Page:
We never know for sure where life is going to take us. Even when we think we do know, that very knowledge can be self-limiting. Let’s face it—has anyone among us always known exactly what we needed? Some of the time, yes, but not all the time.
Sometimes we carry preconceived notions into a new role. Not every one of those preconceived notions is necessarily accurate or realistic. Sometimes it is difficult to get over ourselves and come to that point where we realize we do not have all the answers. Moreover, not having all the answers is okay.
Bernard Tyson is the CEO of Kaiser Permanente. In 1992 (a long time before his present role), he became the CEO of the Kaiser Foundation Hospital in Santa Rosa. He also had some preconceived notions. Reflecting on those preconceived notions, Tyson learned that he may have unpacked too soon (“How Did I Get Here?: Bernard Tyson” Bloomberg Businessweek, 9/28/15–10/4/15, p. 96):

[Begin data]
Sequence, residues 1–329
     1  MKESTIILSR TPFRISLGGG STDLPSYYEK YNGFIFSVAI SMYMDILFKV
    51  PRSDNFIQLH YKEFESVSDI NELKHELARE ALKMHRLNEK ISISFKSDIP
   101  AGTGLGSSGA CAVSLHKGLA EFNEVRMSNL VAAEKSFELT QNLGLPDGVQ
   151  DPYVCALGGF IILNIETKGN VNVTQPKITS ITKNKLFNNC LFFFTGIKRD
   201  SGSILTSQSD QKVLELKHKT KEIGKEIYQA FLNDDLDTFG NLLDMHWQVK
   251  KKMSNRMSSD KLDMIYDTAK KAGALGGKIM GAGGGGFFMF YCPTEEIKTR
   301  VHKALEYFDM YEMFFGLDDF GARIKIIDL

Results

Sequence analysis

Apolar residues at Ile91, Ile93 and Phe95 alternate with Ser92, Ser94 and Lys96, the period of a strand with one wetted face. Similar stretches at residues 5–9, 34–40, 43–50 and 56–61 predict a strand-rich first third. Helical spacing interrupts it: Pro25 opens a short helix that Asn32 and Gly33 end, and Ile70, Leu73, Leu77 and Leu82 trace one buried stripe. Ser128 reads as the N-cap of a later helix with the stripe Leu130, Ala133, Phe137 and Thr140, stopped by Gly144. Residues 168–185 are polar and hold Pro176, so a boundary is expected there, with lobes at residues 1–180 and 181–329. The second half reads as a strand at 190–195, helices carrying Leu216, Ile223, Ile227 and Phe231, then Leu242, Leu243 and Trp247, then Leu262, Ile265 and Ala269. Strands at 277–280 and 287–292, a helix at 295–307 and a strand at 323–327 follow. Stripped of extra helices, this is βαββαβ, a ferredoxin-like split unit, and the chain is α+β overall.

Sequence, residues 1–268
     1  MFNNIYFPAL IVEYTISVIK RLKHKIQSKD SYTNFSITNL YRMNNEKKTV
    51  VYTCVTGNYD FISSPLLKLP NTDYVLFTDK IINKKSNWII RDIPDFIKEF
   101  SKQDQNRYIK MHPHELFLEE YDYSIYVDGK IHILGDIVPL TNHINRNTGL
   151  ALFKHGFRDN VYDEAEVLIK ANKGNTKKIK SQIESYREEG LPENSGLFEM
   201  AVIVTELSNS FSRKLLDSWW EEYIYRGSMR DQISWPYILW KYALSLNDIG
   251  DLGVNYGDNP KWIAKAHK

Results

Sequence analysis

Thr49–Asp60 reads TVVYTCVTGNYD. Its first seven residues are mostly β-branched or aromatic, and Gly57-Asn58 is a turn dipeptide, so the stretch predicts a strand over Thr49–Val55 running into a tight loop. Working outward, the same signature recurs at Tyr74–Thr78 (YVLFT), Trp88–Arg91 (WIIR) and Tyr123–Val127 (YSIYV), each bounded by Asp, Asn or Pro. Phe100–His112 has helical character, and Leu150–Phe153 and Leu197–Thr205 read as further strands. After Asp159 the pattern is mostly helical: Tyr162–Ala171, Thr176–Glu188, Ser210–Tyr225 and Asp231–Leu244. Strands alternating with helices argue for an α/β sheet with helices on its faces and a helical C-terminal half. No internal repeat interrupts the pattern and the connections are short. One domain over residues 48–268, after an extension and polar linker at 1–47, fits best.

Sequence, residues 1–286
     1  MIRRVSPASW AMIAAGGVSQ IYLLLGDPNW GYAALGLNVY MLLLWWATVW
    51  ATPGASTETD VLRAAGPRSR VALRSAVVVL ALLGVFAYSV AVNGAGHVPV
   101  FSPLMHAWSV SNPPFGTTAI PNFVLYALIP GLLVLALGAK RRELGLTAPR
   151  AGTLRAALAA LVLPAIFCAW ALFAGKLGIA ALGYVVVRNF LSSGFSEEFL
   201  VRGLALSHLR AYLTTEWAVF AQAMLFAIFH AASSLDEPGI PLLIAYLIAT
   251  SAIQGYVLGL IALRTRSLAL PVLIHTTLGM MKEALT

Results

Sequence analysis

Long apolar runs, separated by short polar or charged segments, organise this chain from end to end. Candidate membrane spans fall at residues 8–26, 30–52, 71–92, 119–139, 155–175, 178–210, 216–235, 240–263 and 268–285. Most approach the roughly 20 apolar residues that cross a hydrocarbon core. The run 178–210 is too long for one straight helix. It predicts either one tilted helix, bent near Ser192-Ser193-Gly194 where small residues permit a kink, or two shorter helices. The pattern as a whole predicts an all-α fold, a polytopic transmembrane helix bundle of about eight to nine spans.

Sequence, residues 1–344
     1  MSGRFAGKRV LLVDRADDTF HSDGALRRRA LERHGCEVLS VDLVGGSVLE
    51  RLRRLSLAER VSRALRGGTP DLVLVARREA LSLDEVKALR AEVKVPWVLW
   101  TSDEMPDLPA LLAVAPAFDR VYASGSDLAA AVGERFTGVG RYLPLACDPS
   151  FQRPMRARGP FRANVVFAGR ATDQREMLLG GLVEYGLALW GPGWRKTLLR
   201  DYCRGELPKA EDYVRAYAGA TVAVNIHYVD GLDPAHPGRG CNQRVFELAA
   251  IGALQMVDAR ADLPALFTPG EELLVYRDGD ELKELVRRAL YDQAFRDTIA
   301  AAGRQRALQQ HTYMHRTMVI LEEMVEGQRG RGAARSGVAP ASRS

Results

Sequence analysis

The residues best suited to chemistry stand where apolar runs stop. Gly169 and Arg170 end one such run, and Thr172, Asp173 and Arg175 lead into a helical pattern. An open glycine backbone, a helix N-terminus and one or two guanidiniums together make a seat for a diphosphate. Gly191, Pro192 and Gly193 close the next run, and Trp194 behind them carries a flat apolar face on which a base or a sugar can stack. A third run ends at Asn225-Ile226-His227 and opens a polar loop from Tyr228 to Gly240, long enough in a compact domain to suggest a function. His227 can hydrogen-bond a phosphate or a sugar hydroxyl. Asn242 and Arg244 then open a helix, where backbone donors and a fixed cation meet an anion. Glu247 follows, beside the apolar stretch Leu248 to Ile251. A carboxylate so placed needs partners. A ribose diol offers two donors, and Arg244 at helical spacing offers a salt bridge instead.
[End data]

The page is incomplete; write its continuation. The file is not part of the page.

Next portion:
“I thought I had arrived—I never thought it would only last for a year.”
We must choose to be flexible. That flexibility requires that we cast aside our preconceived notions. I was once asked to fill the pulpit of a church for just four Sundays. At least that was my preconceived notion. Those four Sundays turned into a successful two-year ministry as the senior pastor.
We never know how, when, and where opportunity will knock. If we are willing to dismiss our preconceived notions, then maybe we can enter into something new and exciting.